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Denny's embraces the 'light side' in co-promotion with 'Solo: a Star Wars Story'

By Published on .

Denny's on Monday took over a Hollywood tourist spot, Disney's El Capitan Theater, to promote its tie-up with "Solo: A Star Wars Story." While the chain usually touts its food in its marketing, this time the effort puts the focus on its promotional partner, an expected blockbuster coming out on Memorial Day weekend, and No Kid Hungry, an anti-hunger nonprofit that Denny's supports.

"We had the opportunity to work toward a greater good, the 'light side,' if you will," says John Dillon, senior VP and chief marketing officer at Denny's, referring to the "Star Wars" movies' counterpoint to the dark side of the Force. "That's what we believe sets this apart from a typical brand and movie studio partnership—using it to yes, drive sales results for both sides--but even more importantly use it as a platform to do good for society."

At the event in Hollywood, Dillon showed an audience the key ad in the "Solo" co-promotion, a big production spot called "Hand of Sabacc" about the card game in which Han Solo wins the Millennium Falcon from Lando Calrissian. Here, however, the characters are played by two boys. The ad eventually cuts back to reality, where the same kids are negotiating trades of limited-edition Topps Solo trading cards, which are being sold at Denny's and online for $3 a pack, with proceeds going to No Kid Hungry.

"Consumers want brands to give back more than before, so being able to do that in a fun way like this, we're very excited," Dillon adds.

Denny's has helped No Kid Hungry raise $6.3 million since it began working with the group in 2011, though No Kid Hungry Senior VP Diana Hovey says the "Solo" campaign is the highest-profile project with Denny's so far.

The tie-up with No Kid Hungry dovetails with Denny's own brand platform of feeding people on multiple levels--not just physically, but also emotionally, he says. "We've been talking with Disney for a few years about working together, and when we came in with the idea of No Kid Hungry, that's when it really clicked," Dillon says. "It became very much a no-brainer for all of us when we came in with the idea of 'giving back to every kid in the galaxy.'"

Denny's has seen growth in the U.S. for seven consecutive years, with its U.S. same-store sales rising 1.1 percent in 2017. While its same-store sales have increased in 17 of the last 19 quarters, the growth rate remains well off the increases of more than 7 percent it saw in early 2015.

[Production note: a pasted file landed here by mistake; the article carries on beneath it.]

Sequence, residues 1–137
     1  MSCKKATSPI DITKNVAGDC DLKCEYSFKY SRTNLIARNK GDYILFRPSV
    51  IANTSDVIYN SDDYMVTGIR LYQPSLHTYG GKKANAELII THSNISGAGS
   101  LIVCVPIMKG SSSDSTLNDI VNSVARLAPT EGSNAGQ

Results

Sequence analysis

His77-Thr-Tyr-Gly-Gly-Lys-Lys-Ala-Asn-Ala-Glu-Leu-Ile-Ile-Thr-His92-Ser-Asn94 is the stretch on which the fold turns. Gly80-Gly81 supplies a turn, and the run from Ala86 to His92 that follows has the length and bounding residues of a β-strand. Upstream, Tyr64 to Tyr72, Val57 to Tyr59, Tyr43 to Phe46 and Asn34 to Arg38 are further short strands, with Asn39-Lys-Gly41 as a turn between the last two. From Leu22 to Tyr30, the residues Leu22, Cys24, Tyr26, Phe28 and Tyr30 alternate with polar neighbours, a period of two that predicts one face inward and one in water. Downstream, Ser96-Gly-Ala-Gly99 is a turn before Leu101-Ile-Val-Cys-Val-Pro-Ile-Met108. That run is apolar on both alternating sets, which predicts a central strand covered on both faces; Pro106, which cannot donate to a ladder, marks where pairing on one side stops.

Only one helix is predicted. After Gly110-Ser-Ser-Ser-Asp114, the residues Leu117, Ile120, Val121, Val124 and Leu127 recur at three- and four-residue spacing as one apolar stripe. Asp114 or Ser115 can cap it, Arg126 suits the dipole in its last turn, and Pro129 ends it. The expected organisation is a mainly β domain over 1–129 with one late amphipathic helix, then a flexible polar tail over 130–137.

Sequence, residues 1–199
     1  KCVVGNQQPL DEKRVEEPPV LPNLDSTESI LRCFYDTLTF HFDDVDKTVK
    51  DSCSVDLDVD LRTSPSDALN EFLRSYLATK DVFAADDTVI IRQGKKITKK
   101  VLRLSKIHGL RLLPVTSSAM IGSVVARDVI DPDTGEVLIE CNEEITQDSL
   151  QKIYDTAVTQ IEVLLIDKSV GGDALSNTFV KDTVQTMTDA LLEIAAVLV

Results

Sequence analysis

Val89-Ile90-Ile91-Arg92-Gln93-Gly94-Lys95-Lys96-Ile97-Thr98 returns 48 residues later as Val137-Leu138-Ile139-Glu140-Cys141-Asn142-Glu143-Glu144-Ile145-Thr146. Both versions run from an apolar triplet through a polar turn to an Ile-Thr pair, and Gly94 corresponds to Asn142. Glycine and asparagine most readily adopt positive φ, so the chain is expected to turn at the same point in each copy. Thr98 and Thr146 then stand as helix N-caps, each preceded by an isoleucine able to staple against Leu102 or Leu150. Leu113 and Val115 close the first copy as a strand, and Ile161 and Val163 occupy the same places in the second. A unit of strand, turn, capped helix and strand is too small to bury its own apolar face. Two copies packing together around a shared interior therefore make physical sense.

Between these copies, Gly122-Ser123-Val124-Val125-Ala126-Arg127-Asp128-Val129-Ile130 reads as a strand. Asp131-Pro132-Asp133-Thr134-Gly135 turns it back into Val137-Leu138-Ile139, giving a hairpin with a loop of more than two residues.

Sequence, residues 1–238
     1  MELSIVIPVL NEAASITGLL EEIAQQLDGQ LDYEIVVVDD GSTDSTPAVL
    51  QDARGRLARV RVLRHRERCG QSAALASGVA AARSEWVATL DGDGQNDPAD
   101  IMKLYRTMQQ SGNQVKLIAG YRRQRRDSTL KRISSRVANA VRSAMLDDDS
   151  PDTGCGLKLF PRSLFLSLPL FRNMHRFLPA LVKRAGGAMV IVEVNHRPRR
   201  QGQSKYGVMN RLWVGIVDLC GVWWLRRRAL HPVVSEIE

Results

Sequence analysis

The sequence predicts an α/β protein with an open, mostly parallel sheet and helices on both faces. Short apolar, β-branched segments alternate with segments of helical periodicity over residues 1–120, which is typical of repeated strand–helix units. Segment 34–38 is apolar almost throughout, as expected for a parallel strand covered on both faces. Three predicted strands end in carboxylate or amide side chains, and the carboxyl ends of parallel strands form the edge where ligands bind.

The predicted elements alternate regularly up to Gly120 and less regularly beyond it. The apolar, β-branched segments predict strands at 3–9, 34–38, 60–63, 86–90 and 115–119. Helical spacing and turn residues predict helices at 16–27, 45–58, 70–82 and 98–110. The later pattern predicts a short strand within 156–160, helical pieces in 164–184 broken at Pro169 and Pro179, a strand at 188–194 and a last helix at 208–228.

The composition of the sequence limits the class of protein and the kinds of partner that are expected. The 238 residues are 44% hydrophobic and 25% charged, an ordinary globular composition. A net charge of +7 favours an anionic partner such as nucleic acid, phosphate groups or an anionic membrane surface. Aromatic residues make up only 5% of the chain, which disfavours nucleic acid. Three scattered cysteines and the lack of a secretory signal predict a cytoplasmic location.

The "Solo" ad campaign was created out of Denny's creative agency EP & Co. To maintain "Star Wars"-level production value, "Hand of Sabacc" was shot on the same London set used for the film itself. Denny's also worked hand-in-hand with Lucasfilm and Skywalker Sound, as well as top production designer Neil Lamont and Oscar-winning creature and makeup effects supervisor Neal Scanlan, whose credits include "Rogue One: A Star Wars Story" and "Star Wars: The Force Awakens." Epoch's Matthew Swanson was on board to direct. Though it's the company's first Disney/Lucasfilm tie-up, Denny's previously ran co-promotions with big-budget movies such as "The Hobbit" and "Fantastic Four."

Besides the commercial and the cards, the tie-up includes a "Solo"-themed menu lineup, drinking cups with Millenium Falcons for lids and social-media work. Dillon says Denny's worked with Lucasfilm and Disney on the menu items, which include the Lightspeed Slam, a Blaster Fire Burger and the Two Moons Skillet.

After showing the spot, Dillon invited the audience to a Denny's "pop-up" behind the big screen, where they tasted pancakes from the Co-Reactor breakfast and the restaurant's new coffee. The crowd was invited to sprinkle Pop-Rocks-like "Crystal Crunch Rocks" onto their hotcakes and then start them crackling with a warm citrus sauce. (Spoiler alert: It's pretty sweet.)

Dillon says there's more to come in the campaign, including on May 4, also known by "Star Wars" fans as May the 4th or Star Wars Day.

Denny's is one of six brands in promotional deals around the "Solo" film, along with Esurance, Nissan, General Mills, Solo Cup and Symantec.

Contributing: Jessica Wohl

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